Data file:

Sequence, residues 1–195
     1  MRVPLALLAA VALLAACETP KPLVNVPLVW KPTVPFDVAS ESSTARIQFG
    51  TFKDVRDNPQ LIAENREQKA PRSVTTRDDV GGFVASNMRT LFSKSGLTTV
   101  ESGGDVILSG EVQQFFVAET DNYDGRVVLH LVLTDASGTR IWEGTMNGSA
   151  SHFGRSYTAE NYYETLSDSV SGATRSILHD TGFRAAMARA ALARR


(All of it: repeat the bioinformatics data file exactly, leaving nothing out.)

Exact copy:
Sequence, residues 1–195
     1  MRVPLALLAA VALLAACETP KPLVNVPLVW KPTVPFDVAS ESSTARIQFG
    51  TFKDVRDNPQ LIAENREQKA PRSVTTRDDV GGFVASNMRT LFSKSGLTTV
   101  ESGGDVILSG EVQQFFVAET DNYDGRVVLH LVLTDASGTR IWEGTMNGSA
   151  SHFGRSYTAE NYYETLSDSV SGATRSILHD TGFRAAMARA ALARR